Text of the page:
The parallels with 1995 were impossible to ignore when the entire SA squad sank one knee to the turf after Friday's JWC Final.
The parallels were impossible to ignore. By the time the entire South African squad sank one knee to the turf to lend thanks to a greater power there had already been many a moment that took the mind back to 24 June 1995.
Much like they did on that momentous day almost exactly 17 years ago, New Zealand came into this clash as obvious favourites having won every Junior World Championship to date, but were up against a South African side surfing an unstoppable wave of local support.
The Springboks of 1995 spoke often of the unity they felt in that World Cup-winning squad, and when the jubilant crowd of 33,210 had filtered out of Newlands on Friday night, taking an atmosphere befitting of a Test match with them, Baby Boks coach Dawie Theron spoke about what his players would take out of the incredible experience.
The obvious thought was that the next generation of potential Boks will be more confident players who are better able to handle pressure, but for Theron the real value appeared to fall elsewhere.
“When a team achieves what we have achieved now you can get philosophical about it and say a lot of stuff that sounds funny,” he began.
“But it's almost like we wish that we could stay together a little bit longer, because when you go through this experience… it really just became a big family, and these guys will be in contact with each other for the rest of their lives – I promise you.”
The feeling of family was an overriding theme in Theron's post-match press conference, ensuring that thoughts of Kitch Christie were never far away for those with a sense of history.
Another unavoidable comparison to 1995 was raised by Theron when he compared the psychological blow of Handre Pollard's match-defining 45-metre drop-goal to that landed by Joel Stransky.
Although they came in different guises, they both put a dent in the rugby universe – Stransky's drop came to define a significant moment in South African history, while Pollard's barely believable effort turned the tide in the match and could change the future for many of the players involved.
It was also the moment when Pollard showed his ability to bend a game to his will, and after he had stunned everyone present in the stadium to the core with that kick, he went on to provide the raking pass that opened up the right-hand side of the field and set up Jan Serfontein's try.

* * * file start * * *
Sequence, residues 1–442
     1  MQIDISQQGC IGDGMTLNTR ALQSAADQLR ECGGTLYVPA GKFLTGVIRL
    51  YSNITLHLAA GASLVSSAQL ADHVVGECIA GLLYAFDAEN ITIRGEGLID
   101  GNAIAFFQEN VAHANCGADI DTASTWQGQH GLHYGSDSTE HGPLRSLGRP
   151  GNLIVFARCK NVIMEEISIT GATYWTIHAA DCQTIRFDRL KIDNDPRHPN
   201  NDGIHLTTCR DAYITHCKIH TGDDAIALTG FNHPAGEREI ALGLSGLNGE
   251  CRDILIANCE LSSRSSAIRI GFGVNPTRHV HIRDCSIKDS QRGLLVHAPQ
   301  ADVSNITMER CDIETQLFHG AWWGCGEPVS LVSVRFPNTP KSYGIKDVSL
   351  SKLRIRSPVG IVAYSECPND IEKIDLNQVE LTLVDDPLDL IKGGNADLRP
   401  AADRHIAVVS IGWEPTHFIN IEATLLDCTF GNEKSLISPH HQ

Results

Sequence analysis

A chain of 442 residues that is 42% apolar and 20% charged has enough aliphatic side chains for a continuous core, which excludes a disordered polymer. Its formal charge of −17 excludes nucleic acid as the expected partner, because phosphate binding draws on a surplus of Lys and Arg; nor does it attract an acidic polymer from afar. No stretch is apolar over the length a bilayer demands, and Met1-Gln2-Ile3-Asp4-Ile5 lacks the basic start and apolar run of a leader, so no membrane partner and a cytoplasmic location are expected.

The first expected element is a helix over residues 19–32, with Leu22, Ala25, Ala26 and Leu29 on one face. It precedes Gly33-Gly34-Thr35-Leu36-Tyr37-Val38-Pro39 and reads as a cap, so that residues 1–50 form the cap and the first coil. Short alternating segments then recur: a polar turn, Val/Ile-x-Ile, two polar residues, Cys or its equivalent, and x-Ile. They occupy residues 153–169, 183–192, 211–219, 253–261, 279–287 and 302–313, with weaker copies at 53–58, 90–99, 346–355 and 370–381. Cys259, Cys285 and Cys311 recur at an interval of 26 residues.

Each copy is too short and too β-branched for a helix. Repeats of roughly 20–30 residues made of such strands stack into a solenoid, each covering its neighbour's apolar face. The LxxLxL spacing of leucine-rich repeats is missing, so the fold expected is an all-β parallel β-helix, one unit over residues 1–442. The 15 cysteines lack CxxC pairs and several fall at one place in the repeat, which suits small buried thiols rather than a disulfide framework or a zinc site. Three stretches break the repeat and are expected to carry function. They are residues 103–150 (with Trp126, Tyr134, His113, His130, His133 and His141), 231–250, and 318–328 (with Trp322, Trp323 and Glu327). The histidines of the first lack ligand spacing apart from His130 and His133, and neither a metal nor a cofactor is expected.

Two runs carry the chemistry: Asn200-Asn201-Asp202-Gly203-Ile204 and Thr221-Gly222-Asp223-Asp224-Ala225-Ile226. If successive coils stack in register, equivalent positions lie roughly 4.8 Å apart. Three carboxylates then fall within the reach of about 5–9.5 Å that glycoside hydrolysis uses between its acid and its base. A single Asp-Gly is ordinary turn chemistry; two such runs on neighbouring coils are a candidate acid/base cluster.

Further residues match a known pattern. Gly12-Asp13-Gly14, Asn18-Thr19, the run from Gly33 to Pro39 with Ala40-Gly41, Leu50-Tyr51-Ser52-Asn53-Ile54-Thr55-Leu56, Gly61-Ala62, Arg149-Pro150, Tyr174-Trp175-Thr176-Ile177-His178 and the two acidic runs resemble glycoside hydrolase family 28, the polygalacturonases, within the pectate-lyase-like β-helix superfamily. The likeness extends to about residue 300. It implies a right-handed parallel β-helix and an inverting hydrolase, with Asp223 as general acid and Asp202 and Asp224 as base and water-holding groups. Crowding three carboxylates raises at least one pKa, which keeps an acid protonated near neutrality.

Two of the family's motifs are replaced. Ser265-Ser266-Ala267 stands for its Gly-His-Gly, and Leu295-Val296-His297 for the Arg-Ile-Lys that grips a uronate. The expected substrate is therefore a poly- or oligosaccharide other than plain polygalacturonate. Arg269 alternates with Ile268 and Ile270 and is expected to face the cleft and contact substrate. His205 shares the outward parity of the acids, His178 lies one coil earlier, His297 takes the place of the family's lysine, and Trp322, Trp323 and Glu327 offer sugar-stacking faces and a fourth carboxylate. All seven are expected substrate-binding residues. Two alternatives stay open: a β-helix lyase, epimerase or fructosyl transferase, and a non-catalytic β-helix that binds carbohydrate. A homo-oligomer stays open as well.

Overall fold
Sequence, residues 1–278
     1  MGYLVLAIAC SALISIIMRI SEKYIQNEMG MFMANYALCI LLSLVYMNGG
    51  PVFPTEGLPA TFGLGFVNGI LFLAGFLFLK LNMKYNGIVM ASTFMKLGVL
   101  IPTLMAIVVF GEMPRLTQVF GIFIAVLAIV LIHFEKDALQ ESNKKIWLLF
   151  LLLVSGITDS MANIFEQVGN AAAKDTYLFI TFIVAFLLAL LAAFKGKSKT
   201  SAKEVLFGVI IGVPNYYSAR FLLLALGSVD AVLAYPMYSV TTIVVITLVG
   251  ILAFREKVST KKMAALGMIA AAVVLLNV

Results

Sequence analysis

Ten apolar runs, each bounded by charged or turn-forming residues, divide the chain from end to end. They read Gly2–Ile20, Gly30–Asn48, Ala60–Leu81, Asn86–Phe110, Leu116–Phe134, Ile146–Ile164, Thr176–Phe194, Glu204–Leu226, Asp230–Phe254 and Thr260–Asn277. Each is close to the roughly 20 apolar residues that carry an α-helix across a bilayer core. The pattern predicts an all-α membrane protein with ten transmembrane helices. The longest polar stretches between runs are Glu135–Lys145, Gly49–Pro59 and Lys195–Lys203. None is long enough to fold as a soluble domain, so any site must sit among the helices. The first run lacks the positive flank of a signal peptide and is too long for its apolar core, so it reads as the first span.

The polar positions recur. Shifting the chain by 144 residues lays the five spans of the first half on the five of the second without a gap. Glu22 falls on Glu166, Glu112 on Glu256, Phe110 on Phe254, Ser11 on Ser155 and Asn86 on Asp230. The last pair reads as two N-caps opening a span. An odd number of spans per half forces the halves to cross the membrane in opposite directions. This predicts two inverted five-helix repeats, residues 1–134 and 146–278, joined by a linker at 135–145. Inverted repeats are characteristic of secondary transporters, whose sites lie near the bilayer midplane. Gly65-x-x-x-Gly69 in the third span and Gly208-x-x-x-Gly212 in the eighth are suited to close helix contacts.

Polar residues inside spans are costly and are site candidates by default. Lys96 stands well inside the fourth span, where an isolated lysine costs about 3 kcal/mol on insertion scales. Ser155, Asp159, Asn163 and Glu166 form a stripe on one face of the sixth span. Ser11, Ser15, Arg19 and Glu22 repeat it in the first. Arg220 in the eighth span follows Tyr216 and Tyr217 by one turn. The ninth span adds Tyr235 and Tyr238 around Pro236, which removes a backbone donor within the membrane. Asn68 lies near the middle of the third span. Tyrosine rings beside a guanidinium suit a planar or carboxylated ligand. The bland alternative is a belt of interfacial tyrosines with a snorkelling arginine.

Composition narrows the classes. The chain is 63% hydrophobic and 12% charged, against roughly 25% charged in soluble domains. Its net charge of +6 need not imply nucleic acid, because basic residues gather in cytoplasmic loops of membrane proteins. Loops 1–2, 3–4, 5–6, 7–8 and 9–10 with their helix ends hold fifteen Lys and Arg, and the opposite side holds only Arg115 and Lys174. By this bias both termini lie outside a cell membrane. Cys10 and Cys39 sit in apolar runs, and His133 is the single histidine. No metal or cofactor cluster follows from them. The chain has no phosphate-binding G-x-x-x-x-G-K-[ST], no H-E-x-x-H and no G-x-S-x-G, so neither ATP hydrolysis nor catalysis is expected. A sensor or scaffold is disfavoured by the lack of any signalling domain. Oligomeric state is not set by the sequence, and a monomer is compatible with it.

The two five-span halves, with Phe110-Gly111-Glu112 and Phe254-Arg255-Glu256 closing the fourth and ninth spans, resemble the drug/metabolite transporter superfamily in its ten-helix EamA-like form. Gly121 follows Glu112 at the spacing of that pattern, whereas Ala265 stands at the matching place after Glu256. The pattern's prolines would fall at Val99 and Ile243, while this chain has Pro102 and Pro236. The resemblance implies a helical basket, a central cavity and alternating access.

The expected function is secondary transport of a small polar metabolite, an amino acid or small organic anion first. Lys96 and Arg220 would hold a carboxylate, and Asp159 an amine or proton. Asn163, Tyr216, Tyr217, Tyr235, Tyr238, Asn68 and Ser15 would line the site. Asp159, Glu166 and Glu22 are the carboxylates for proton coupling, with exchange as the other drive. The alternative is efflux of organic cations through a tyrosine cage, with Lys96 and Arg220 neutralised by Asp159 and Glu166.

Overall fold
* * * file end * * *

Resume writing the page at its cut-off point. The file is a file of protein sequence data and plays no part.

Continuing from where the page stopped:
“I think Handre grew throughout this tournament,” Theron said afterwards.
“To be fair he had a difficult first half (in the final). There was a lot of pressure on him and you could see that he felt it. But the maturity of the guy and the way that he grew throughout this game was just unbelievable.
“For that guy to come back and start controlling the game, it just shows you that he can go places. He's very good.”
But while Pollard took deserved plaudits and Serfontein walked away with the Player of the Year Award, the seed of South Africa's victory was inevitably sewn among the forwards.
The universally-loved Chuck Norris aside, it is unlikely that there is a more popular redhead in Cape Town than Steven Kitshoff, who was forever at the front of South Africa's dominant rolling maul and led the forward pack with distinction.
As pumped up as the Stormers prop was for this mammoth game on his home turf, he was also the one putting an occasional calming hand on the shoulder of Nicolaas Van Dyk as the number 3 threatened to explode with adrenalin.
Van Dyk could almost claim personal responsibility for South Africa's try just after half-time, when he destroyed a New Zealand scrum on South Africa's five-yard line. The resultant penalty not only scraped away at New Zealand's spirit, but it quite quickly led to Fabian Booysen's sniping try.
While New Zealand looked to box clever and relied on counter-attacking rugby, South Africa put together the all-round game which has often been lacking from the senior side. Assistant coach Brendan Venter referred to it as a Bordeaux blend, and a euphoric Theron was only too happy to use the analogy when he was asked about where South African rugby is going.
“The success of what we are doing is to get these guys in the frame of mind of what is Springbok rugby about, and the discipline that goes with it,” he said.
“There is a structure and we need to get the balance right. Brendan always speaks about the balance or the blend. I think that performance was like a Bordeaux blend.
“We can't say we're just a team that kicks because if we do that you might get a team that outkick you on the night and then you're gone, so we need to get the blend right on the running rugby and the way we want to play.”
By Tristan Holme